Every-day Thoughts in Prose and Verse
by Ella Wheeler Wilcox
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The American Girl.
    In a recent issue of a popular monthly magazine,
some American mother writes with feeling
which is tinged with bitterness regarding the mod-
ern girl and what she has lost by her education and
her semi-publicity.
    The writer claims that the American girl has lost
repose, health, and the useful qualities which bring
happiness in the quiet paths of life.
    She is compared to her grandmother disparag-
ingly.  She is unbecomingly contrasted with the
French and English girls of the day.
    I must confess I take issue with this "American
    While there are  many things which can be criti-
cised in the modern method of education of young
girls, we must remember that without doubt the
same sort of despairing comments were made about
their grandmothers forty or fifty years ago.
    The world is always changing, and customs and
manners and ideas of education change with modes
of hats and gowns as time passes.
    No doubt our grandmothers were told, when
they were girls, that their grandmothers lived a
much more healthful and normal life, dressed in a
more becoming manner, and behaved with greater
modesty.  In every generation there is always the
pessimist looking backward and sighing over the
departed virtues of ancestors.
    Meantime the world wags on, and every century
produces its splendid men and women and its weak-
lings and degenerates, its robust people and its
invalids, and its geniuses and its imbeciles.
    I do not believe the American girl of to-day is
less robust than her grandmother.
    I believe we have a far greater average of well
women than we had fifty years ago.
    The heroine of the old-time world was always a
fragile being, who fainted while you waited.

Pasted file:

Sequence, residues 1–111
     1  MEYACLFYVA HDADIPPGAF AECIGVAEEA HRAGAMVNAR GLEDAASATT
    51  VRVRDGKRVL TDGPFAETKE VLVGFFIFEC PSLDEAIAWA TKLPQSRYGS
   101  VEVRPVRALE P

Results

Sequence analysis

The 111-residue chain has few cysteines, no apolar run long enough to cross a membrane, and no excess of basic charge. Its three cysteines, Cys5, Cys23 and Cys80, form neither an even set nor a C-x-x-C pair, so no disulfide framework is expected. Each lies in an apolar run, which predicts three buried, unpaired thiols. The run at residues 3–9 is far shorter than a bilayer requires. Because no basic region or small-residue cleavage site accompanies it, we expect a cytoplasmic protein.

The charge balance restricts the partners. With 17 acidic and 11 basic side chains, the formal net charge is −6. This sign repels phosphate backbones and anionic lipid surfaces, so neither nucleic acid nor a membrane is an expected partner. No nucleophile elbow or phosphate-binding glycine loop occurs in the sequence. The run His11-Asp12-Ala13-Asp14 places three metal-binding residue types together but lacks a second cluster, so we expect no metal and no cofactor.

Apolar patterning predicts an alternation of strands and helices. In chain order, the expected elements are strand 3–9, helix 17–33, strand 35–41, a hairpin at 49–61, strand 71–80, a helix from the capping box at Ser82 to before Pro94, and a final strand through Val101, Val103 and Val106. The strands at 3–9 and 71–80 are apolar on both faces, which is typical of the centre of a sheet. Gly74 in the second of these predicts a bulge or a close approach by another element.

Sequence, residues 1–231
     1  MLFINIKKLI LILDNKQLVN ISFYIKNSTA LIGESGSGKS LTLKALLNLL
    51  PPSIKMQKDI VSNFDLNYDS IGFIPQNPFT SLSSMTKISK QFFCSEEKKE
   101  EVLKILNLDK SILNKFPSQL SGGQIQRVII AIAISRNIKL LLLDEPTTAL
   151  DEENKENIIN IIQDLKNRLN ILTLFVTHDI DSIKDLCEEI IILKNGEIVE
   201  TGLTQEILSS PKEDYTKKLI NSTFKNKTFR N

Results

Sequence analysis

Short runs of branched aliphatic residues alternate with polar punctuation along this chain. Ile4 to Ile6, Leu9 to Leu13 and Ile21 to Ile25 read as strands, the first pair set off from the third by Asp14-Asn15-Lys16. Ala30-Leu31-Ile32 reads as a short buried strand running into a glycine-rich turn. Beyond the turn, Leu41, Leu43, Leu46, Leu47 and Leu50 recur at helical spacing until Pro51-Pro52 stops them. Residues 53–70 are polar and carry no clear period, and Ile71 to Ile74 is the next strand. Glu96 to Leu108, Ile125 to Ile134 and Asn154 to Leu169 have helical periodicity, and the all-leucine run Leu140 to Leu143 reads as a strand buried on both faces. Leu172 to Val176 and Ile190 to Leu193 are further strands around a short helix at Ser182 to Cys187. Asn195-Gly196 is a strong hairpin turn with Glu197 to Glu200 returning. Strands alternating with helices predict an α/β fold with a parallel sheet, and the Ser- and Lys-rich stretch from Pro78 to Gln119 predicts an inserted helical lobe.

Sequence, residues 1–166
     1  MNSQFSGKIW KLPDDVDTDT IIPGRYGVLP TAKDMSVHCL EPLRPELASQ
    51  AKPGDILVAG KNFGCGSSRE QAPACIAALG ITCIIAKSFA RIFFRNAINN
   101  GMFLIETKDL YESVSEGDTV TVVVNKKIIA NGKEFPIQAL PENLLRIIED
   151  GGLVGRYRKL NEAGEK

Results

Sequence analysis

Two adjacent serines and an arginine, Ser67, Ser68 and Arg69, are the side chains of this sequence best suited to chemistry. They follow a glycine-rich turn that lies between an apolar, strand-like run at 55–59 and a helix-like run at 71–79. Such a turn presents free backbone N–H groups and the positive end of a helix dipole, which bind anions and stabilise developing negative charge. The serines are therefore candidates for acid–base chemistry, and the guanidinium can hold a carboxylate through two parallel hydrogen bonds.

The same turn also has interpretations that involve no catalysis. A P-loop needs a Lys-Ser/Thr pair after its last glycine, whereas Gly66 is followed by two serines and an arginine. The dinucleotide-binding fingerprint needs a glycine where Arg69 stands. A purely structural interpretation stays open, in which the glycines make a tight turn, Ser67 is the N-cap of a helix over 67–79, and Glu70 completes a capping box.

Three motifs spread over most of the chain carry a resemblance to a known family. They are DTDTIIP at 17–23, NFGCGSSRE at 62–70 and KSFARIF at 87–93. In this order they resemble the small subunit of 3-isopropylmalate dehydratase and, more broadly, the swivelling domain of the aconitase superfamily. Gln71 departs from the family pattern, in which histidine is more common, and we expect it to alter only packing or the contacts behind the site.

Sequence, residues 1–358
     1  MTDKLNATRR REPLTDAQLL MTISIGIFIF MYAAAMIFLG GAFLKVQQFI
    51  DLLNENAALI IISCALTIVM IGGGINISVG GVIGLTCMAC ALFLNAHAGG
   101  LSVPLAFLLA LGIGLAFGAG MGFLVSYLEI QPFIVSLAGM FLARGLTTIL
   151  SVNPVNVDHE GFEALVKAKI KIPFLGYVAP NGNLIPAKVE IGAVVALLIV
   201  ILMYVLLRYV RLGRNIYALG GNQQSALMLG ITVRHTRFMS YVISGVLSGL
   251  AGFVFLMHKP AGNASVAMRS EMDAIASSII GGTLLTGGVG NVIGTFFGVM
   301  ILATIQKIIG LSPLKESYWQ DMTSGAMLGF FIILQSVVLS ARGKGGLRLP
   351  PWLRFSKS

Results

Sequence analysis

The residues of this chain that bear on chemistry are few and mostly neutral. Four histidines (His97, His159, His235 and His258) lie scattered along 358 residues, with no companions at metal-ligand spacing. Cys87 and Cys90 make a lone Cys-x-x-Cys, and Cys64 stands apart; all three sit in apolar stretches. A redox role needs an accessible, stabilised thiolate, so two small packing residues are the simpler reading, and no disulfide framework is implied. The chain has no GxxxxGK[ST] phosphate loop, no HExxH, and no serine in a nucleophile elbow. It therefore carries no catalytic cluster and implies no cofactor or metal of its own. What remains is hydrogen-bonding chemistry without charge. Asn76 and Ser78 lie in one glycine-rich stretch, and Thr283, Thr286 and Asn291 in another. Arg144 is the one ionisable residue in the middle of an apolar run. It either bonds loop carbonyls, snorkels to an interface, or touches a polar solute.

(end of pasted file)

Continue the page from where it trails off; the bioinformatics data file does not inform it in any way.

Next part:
The modern author depicts a virile and athletic
leading lady for his role.
    Authors reflect the coloring of the time in which
they live.
    It seems true that American girls lack repose.
    American people of all ages and both sexes lack
    We are all too restless, too ambitious for sudden
success, too eager for change and excitement.
    Until parents acquire repose they cannot expect
it of their children.
    That the American girl lives in an atmosphere of
semi-publicity, and that she accepts as a matter of
course, the curious gaze of the public wherever she
goes, and whatever she does, is also true.
    But the public and its curiosity are no more to
her than were the church circle and its gossip and
meddlesomeness to her grandmother.
    The world is larger, and life is built on wider lines
than it was a hundred years, or fifty years ago, for
the American woman.
    What does it matter to a well-behaved and sensi-
ble young woman, whether a score of people in her
neighborhood or a thousand elsewhere take a pass-
ing interest in her debut or her social doings or her
    If it is claimed that the modern girl clamors for
the interest and attention of this thousand, who can
say that her grandmother disapproved of the fact
that twenty pairs of eyes were watching her doings?
    Womanhood does not undergo great changes as
time rolls on.  Its essential characteristics remain
the same.  Such changes as take place are ulti-
mately for the better in the long run.
    The American girl will come out quite as well as
her grandmother did.
Every-day thoughts in prose and verse. by Ella Wheeler Wilcox
Chicago: W. B. Conkey Company, 1901.
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